Someone once asked me to identify my favorite sound. Without hesitation, I said it was the sweet country voice of my preschool nephew, Jason. That was more than 30 years ago. Today, I'm still connected to that special voice, but now it appears to me most often on the rectangular screen of my smart phone. Without sound. Without his soft twang. Through texting.
In spite of myself, I have become a fan of texting, and find countless ways it works for me. It's an unobtrusive way to let people know you're late because you're sitting in traffic, the perfect vehicle for an encouraging "I love you," a timesaver when you need to pass along a quick message but don't want to hear what the dog did today, and a sly way to communicate when you're trapped in a boring meeting.
My problem with texting is that it's silent, somewhat secretive, and is done in solitude, a series of instant short messages often typed in perplexing coded language conjured up by 15-year-olds in study hall. Texting is about speed and thumb coordination, and it cheats me out of the simple acoustic pleasure of voice – my nephew's or anyone else's. I miss the seductive sound and accent, the animation, pitch, timbre, and tone. I would trade every obnoxious "LOL" ever typed to hear deep, rich laughter spilling wildly into the conversation.
There is the assumption that texting offers an easy way to stay in touch and strengthens connectedness. And quite often I find that to be true – especially with relatives in their 30s who have lost the ability to e-mail and seem to have no idea that their smart phone can also be used for phone calls. It bridges some mysterious, but very real, technological gap between generations. I'm begrudgingly grateful for it.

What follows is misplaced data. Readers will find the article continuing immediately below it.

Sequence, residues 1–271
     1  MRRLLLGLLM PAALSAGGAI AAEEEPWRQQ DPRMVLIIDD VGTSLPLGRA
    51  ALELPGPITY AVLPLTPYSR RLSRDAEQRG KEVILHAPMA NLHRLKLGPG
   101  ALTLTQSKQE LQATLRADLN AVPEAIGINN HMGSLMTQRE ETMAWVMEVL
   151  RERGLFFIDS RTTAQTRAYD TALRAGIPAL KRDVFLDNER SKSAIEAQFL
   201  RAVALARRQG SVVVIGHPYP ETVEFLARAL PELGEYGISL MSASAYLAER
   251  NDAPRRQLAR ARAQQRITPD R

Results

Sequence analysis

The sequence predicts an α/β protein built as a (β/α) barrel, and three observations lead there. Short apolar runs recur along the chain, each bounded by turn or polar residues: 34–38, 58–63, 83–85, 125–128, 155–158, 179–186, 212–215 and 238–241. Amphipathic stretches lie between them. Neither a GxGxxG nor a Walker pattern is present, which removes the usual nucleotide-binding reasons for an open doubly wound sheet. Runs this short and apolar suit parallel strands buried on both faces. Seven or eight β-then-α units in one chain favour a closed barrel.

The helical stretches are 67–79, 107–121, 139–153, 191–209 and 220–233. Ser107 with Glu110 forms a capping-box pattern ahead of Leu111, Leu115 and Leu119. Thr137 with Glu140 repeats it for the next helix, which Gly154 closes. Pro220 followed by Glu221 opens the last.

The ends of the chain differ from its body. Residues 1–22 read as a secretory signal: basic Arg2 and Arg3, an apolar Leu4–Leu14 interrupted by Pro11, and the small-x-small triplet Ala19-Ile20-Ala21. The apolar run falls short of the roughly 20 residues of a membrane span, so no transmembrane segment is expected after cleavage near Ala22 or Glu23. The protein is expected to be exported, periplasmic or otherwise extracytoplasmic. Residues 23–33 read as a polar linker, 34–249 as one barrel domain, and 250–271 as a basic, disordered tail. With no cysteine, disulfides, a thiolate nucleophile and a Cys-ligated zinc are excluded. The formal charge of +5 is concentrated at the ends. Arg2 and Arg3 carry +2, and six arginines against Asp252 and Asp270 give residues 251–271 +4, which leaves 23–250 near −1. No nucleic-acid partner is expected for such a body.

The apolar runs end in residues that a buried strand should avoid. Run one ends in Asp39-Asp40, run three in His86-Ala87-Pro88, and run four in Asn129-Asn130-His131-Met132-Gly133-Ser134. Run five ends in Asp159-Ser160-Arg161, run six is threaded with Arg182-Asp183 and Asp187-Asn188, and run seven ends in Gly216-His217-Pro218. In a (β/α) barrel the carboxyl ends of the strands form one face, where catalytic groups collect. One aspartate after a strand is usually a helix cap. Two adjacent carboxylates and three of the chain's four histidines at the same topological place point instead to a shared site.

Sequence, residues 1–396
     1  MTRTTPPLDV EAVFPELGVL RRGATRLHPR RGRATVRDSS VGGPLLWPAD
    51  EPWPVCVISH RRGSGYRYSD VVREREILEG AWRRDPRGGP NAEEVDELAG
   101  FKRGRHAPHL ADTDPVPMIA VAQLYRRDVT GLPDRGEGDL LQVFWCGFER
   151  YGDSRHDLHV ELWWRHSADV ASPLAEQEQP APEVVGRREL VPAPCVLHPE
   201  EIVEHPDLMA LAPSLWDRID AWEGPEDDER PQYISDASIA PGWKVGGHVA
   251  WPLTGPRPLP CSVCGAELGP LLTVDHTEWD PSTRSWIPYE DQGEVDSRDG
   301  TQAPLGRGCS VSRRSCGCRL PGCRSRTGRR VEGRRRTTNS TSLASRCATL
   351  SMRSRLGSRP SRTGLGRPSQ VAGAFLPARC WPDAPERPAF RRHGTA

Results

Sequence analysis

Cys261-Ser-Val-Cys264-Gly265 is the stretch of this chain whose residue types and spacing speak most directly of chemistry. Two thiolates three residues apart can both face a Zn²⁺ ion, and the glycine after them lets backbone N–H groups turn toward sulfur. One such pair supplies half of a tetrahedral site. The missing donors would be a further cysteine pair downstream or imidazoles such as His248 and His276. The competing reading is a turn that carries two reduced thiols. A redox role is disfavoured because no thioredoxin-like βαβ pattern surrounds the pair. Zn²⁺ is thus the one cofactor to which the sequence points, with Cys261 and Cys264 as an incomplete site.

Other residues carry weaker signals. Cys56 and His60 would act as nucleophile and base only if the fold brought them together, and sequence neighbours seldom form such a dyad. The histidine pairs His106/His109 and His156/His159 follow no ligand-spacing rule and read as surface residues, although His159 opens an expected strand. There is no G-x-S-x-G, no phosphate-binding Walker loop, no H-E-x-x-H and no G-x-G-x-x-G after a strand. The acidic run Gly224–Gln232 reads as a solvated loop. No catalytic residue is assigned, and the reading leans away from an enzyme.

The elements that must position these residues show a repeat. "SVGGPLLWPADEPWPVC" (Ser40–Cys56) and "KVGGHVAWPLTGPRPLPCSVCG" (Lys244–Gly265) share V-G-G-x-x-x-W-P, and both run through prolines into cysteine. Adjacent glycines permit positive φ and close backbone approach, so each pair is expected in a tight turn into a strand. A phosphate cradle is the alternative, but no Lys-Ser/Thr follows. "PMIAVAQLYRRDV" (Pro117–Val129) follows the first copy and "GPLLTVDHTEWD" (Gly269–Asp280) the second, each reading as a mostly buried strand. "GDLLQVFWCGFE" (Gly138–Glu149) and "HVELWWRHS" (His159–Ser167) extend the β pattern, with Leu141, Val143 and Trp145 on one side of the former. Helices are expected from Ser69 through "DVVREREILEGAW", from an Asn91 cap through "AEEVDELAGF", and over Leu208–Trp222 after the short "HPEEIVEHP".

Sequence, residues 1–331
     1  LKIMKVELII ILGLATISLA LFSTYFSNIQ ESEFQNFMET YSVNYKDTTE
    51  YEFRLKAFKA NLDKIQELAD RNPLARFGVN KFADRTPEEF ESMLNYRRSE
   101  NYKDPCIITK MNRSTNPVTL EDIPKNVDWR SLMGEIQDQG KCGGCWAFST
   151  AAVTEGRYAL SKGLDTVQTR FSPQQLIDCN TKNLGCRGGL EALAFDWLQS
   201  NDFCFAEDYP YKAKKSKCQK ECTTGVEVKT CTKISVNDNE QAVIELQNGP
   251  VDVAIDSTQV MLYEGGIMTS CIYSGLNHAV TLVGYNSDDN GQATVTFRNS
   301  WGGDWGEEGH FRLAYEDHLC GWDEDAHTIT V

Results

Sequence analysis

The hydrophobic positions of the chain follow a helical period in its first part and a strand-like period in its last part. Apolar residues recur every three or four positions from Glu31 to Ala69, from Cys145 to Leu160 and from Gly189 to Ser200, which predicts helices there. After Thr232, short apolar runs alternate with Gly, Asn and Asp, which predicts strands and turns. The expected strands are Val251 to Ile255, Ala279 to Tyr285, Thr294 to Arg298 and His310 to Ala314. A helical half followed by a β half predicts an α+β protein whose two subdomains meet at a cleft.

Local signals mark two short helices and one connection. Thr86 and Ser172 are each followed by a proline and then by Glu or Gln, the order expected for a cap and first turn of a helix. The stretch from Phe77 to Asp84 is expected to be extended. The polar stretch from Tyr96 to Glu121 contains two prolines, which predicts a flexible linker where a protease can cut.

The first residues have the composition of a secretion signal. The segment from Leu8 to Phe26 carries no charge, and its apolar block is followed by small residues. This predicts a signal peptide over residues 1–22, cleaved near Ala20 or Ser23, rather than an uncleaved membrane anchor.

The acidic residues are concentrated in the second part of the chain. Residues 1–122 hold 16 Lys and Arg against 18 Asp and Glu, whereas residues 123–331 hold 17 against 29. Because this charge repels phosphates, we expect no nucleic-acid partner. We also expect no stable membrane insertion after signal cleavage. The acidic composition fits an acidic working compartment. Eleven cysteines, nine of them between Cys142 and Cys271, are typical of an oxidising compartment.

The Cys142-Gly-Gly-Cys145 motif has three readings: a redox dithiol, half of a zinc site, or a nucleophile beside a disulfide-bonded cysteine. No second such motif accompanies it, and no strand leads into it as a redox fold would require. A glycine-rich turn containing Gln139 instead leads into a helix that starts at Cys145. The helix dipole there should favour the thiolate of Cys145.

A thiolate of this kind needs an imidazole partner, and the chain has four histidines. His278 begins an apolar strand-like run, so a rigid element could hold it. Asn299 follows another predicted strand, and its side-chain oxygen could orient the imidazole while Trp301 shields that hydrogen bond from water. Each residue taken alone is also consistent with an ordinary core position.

I find that texting, however, often does just the opposite of enhancing relationships. It can be lazy, robotic shorthand that perpetuates distance and detachment. Without sound and face-to-face cues, people on both ends of the muted conversation are prone to be disengaged and less emotionally involved. Genuine interaction and authentic exchanges sit unnoticed in a dim, dusty corner, while gyrating thumbs launch rapid-fire quips into a sterile void.
Texting also offers the ultimate escape hatch for anyone wanting to avoid a bona fide, grown-up, stay-in-the-room conversation. For the emotionally faint-hearted, it's easy to blast off a quick retort and go about the business of avoiding whatever it is you don't want to talk about, thereby cleverly dodging the gift of a spirited verbal debate.
Most baffling are the times I find myself painstakingly involved in a long conversation using only the keypad on my phone and my best efforts to truncate each word I'm typing. Then my dueling thumbs start to cramp, my mind grows weary of remembering abbreviations, and I long to hear the breathing voice of the person on the other end of our virtual conversation. Unable to remember why we are conversing in absolute quiet, I boldly punch in their number and dare to have the conversation voice to voice, reassured and comforted by the simple sound of connection.
Although I want to keep it as a readily available option in my communications tool kit, texting with someone is often like watching your favorite music video with the audio turned down. I prefer to have most conversations with the soundtrack at full volume, adding rhythm, mood, and personality that can only be conveyed by another's voice.
But if you want to do ur 121 communication with a txt msg, I say NP.